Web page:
This article focuses on the meso-micro levels of entrepreneurial family-owned and small firms operating in Africa’s informal economy. It examines how these firms manage formal and informal business activities, and how entrepreneurs manage business risks associated with market imperfections. After a brief review of the literature on the structuring and management of these firms in the context of the informal economy, we present and illustrate the Octopus business model showing the strategic apex, tentacles, and the location of formal and informal business activities along the firm’s value chain. We use a composite sample of 31 case studies and managers’ stories from publicly published sources to illustrate and test the Octopus business model and locations of formal and informal business activities in distinct parts of the value chain. Preliminary results show that in structuring and managing their firms, entrepreneurs make deliberate and at times strategic decisions in their choices and locations of formal or informal business activities. We discuss the results in terms of their implications for management theory development, research, business and management education and training, public policy and practice.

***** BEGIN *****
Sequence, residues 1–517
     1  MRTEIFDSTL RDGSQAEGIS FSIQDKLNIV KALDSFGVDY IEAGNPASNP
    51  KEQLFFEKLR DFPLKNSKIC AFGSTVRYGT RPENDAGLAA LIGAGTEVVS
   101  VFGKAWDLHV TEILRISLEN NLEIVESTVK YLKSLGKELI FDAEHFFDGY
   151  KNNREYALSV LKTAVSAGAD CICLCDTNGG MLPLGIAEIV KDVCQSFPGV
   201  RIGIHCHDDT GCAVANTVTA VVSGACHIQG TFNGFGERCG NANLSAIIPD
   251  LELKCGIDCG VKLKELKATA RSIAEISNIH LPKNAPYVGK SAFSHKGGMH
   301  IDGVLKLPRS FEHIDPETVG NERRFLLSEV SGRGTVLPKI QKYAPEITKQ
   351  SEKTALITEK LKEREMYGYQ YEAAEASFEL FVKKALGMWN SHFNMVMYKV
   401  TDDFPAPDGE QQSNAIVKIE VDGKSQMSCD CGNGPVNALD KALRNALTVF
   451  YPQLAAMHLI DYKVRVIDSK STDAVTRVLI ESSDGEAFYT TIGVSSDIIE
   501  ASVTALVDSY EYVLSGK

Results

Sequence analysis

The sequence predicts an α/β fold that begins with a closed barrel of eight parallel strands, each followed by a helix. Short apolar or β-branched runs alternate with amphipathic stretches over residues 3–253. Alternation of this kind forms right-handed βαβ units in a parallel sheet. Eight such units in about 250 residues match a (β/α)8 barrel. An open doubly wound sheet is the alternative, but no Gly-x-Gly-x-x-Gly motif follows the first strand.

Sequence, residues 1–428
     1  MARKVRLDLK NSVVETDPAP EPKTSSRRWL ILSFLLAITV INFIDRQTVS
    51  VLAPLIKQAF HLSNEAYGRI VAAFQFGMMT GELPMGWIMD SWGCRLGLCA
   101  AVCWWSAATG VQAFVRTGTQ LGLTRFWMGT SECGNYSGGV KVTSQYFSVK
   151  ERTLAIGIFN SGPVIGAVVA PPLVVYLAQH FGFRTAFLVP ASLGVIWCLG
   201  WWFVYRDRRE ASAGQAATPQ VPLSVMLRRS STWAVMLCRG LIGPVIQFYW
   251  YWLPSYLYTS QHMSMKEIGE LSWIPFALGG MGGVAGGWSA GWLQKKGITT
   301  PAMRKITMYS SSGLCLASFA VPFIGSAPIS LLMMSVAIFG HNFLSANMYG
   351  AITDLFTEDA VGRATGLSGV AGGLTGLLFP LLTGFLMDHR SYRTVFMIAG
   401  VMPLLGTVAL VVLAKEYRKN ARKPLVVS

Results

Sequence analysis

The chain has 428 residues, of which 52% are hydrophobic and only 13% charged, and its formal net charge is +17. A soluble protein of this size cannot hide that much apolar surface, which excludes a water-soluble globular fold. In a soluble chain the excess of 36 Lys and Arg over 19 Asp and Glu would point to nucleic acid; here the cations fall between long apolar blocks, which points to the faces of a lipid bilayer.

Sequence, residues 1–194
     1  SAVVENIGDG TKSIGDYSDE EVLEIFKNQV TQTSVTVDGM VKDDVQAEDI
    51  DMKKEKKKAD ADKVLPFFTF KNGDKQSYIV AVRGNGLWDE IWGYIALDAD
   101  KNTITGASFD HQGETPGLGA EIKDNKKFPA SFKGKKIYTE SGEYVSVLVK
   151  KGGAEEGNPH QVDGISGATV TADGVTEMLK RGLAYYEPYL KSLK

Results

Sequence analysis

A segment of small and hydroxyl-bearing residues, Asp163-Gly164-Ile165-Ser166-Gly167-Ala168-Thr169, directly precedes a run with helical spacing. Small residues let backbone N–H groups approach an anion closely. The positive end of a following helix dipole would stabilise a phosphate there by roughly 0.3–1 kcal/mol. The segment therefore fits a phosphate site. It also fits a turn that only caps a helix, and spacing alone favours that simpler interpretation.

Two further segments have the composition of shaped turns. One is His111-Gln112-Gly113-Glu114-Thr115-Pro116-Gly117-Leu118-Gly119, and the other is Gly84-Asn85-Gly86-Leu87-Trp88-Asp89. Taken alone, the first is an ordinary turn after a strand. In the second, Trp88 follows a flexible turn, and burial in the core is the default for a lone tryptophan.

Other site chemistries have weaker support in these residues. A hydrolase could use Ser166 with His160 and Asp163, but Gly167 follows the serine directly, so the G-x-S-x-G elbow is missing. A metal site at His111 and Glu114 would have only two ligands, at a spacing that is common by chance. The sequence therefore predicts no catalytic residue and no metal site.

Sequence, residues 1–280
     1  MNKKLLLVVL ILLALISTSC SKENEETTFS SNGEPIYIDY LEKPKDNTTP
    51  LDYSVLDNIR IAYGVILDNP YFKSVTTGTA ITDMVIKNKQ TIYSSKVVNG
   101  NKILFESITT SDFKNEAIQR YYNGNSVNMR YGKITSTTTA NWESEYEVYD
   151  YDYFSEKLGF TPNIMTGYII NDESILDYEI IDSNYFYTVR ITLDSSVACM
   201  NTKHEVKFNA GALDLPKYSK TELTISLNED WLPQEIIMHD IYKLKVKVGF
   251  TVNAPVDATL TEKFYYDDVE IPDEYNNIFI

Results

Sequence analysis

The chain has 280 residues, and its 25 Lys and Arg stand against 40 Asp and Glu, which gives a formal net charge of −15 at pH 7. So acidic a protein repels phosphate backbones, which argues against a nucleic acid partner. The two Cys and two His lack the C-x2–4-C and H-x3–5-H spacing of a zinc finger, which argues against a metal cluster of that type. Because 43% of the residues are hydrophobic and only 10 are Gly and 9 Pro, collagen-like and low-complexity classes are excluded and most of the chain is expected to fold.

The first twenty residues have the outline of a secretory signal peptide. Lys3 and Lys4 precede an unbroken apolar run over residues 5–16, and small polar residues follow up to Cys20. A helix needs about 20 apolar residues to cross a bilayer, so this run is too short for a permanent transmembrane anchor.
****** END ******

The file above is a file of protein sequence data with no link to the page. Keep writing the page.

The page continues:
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Africa Journal of Management
Sprott School of Business

Kiggundu, M, & Pal, S.P. (Siva P.). (2018). Structure and Management of Formal and Informal Business Activities in Entrepreneurial Family and Small Firms in Africa. Africa Journal of Management. doi:10.1080/23322373.2018.1517541